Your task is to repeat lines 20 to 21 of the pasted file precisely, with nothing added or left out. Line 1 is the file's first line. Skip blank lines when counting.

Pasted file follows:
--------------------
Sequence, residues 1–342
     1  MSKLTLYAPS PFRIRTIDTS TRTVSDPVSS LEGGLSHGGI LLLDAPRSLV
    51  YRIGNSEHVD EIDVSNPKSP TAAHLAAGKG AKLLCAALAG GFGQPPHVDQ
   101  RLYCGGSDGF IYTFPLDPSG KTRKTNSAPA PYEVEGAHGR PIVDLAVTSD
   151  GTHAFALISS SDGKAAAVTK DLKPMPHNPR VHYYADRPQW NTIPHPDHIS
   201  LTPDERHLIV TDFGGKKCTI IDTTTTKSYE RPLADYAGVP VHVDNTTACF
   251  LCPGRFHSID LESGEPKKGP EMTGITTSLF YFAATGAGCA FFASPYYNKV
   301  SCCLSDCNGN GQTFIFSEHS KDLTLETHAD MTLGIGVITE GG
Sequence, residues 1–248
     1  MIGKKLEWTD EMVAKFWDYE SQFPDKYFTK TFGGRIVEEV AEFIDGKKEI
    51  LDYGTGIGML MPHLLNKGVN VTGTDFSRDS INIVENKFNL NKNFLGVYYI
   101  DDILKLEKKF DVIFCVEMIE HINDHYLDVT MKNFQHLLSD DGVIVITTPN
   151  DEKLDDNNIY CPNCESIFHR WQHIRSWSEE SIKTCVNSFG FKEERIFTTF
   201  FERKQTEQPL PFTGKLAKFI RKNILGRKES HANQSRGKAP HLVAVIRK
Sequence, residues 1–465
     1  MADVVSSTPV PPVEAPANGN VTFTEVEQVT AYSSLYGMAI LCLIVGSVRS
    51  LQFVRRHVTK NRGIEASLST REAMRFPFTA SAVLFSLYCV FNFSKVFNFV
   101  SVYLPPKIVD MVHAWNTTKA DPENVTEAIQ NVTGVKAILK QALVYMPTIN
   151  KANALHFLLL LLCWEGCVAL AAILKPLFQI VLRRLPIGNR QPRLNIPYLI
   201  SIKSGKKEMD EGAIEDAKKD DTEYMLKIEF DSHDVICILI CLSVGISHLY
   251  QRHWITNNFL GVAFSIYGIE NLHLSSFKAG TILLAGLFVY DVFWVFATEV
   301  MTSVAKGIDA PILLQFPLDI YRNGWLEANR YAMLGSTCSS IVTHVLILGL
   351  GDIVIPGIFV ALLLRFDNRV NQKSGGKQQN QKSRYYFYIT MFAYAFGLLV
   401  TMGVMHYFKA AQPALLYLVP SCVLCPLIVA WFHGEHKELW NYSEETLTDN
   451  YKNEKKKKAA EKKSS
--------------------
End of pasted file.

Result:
   201  SIKSGKKEMD EGAIEDAKKD DTEYMLKIEF DSHDVICILI CLSVGISHLY
   251  QRHWITNNFL GVAFSIYGIE NLHLSSFKAG TILLAGLFVY DVFWVFATEV